A debate popped up on a message board I frequent recently about whether or not it is appropriate to inquire about an adopted child's heritage. As is custom on this particular message board, the thread reached two pages overnight. It's still going.
However, with my response on the topic and the responses of others, I figured I would blog about what may or may not be appropriate to ask. I don't seriously believe that most people ask out of maliciousness, or to be hurtful or mean. I also believe that there are those who do ask, mostly to be nosy, under the guise of 'idle curiousity'.
The level of inquiry appropriateness also belies in what your relationship with the family is. If you are close enough to say, have dinner at their house, then I would say (in MY opinion) that I would be willing to answer most questions. Notice I said 'most'. If you are family, I'll pretty much answer anything.
However, if you only see me in the pickup line at school everyday, please don't purport to think that you can sidle up to me and ask me what happened to our (future) child(ren)'s 'real' parents. For all intents and purposes, once the child(ren) are placed in our home, WE are their 'real' parents. We are parenting them. We are providing for them. We are loving them. That's what REAL parents do.
I've done a lot of reading on the subject of attachment and bonding. It's very important to understand that when you adopt children from foster care or even internationally from an orphanage, that the attachment issues will be there. They need to learn to look to you as more than just their 'caregiver', and it can sometimes be a long and arduous road. With these issues come identity issues. Even the simplest and most innocent of questions can hurt or upset a child. They grapple with trying to belong and fit in. And they worry that if they don't look like mommy and daddy, that someone is going to notice and make a big deal out of it. And as we know, most children do not like to be labeled as different or strange.
But back to the question at hand. Questions.
What's appropriate, what's not?
Q: How much did you pay/How much does it cost?
**We've actually gotten this question a lot. A lot, a LOT. I don't know when it became appropriate in our society to ask people how much they paid for ANYTHING, let alone a child. And for the record, we aren't buying our child, we're paying a fee to an agency to perform a service. A service that in my mind, is priceless. We pay them to help us navigate through the inordinate amount of paperwork that we have to fill out/notarize/obtain. We pay them to perform our Home Study, which is a requirement of any adoptive parent. How much we are paying, unless you are asking to help donate towards the cause, isn't really your business. On the flip side, most of the people that HAVE asked us, we are okay with sharing. Mostly family and VERY close friends.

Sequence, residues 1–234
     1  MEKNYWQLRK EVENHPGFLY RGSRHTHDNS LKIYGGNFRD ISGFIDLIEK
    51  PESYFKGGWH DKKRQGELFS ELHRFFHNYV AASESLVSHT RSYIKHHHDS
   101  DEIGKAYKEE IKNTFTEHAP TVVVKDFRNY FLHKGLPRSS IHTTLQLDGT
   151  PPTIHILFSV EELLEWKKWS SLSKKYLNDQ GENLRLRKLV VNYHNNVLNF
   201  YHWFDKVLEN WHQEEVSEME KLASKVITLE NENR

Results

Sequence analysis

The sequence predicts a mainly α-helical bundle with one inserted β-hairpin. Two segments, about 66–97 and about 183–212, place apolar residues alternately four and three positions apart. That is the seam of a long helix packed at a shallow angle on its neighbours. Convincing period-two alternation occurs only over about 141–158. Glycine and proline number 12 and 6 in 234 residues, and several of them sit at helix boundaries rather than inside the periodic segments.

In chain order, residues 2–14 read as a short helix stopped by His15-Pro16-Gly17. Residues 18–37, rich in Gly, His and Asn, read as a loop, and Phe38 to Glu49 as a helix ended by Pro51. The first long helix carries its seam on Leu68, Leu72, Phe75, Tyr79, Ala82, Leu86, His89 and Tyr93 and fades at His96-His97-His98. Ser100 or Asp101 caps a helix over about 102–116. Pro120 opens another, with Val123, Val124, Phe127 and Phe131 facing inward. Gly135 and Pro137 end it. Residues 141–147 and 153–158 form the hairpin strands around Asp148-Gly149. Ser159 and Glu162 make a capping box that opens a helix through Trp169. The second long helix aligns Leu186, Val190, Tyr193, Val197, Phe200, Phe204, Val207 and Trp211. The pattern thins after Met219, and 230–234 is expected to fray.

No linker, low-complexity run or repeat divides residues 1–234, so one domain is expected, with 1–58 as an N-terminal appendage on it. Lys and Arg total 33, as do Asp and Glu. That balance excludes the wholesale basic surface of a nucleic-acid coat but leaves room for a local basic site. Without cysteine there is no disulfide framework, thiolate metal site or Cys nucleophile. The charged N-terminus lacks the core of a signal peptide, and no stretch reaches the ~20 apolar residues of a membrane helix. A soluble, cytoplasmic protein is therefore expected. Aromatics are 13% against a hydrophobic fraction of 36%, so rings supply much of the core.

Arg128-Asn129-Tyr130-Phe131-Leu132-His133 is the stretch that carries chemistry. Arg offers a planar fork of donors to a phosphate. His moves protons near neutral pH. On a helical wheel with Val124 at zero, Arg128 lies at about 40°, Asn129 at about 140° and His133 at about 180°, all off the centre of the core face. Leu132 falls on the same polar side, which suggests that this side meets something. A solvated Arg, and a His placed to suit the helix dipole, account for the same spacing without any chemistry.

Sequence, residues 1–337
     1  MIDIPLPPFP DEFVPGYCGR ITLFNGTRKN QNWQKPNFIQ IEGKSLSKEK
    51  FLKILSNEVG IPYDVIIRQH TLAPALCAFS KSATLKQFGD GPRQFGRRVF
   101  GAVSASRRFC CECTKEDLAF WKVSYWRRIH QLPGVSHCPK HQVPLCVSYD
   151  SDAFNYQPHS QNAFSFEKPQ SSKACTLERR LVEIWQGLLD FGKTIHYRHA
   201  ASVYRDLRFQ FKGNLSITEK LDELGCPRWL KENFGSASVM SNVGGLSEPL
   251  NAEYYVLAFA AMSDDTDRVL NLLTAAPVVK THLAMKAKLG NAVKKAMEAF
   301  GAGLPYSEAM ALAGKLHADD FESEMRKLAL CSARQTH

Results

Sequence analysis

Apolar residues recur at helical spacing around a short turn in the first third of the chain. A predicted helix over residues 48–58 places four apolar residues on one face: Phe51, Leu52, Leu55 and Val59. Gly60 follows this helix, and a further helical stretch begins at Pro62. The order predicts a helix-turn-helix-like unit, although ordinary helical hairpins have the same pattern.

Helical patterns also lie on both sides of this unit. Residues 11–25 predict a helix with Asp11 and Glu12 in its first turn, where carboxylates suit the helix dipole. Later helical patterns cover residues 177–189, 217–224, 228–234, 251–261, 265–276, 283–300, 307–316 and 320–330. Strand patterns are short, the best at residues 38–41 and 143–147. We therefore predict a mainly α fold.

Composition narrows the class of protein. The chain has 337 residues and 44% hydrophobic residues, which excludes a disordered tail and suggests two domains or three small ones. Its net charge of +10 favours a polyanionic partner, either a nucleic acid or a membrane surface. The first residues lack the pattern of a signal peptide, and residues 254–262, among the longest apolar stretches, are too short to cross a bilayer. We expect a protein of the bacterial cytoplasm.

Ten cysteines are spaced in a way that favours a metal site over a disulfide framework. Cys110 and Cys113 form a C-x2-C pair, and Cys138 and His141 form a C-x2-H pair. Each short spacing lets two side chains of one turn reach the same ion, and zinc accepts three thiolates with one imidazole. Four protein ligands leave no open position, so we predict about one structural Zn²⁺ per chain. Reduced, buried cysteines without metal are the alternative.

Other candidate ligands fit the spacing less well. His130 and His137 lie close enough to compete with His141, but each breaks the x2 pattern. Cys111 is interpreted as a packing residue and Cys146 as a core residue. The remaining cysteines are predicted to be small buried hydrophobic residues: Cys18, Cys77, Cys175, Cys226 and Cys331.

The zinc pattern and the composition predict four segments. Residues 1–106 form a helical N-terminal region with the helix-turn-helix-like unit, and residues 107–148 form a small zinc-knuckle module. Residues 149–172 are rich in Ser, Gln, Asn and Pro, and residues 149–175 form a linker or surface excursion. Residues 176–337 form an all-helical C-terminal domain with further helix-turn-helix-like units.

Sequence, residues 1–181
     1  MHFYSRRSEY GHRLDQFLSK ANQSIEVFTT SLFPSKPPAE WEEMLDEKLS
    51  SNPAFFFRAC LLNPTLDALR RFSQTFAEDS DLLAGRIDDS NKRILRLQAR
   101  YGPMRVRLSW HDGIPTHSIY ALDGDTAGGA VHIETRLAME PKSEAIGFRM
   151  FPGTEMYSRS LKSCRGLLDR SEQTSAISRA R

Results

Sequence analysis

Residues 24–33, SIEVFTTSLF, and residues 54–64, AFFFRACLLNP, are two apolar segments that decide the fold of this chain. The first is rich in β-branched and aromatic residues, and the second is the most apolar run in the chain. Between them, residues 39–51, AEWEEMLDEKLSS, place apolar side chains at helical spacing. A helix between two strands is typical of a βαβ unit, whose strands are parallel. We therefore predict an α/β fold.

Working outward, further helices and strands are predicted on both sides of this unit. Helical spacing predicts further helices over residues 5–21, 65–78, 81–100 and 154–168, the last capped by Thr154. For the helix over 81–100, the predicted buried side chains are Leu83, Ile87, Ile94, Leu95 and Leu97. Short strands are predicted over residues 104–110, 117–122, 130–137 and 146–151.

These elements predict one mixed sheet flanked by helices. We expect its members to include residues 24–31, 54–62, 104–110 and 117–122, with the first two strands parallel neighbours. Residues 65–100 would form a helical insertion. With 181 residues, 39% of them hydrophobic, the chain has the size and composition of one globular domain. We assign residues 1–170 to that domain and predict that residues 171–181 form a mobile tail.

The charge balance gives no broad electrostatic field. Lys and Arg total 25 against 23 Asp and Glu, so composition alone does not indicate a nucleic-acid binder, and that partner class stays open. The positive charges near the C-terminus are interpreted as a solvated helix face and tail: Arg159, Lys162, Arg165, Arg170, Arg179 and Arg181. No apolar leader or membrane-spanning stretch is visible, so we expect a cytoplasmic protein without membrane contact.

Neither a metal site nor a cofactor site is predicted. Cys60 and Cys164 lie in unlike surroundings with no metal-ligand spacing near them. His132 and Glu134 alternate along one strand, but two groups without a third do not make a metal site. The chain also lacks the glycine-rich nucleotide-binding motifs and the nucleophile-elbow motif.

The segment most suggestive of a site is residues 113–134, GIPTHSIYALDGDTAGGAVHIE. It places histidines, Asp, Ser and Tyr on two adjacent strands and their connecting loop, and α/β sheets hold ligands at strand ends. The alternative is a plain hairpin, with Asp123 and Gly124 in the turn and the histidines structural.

Q: So you weren't able to have any of your own?
**To be fair, I haven't gotten this question. But I feel sorry for the person with the stones to ask me this. Really? I'm pretty sure that the birth certificate we receive when our adoption is final will show that we 'had' one of our own. Of course, the snarky girl in me would like to answer with this: "Yeah, the eight rounds of failed fertility treatment were so much fun, we’ll probably be heading back to the clinic as soon as this child, who isn’t our own, hits preschool."
But I don't think Chris would let me.
Q: Aren't you afraid her mother will want her back?
**I would answer that question with this: "Newsflash. Lifetime TV movies are NOT documentaries, coach." To answer YOUR question (cause you know you're wondering), in the State of Oregon, once the parent signs on the dotted line, or the judge brings down his gavel, it's a done deal. There's no cooling off period, nada.
So there's a little piece of what's not appropriate. What IS appropriate? Well, let's just play it safe and assume that if we've had you over for dinner, you can ask just about anything, and I'll most likely answer. With what amount of snark attached, well, let's just spin the wheel, shall we?
And if you've birthed me, or are related to me, or if I've married your relative - I'll probably answer.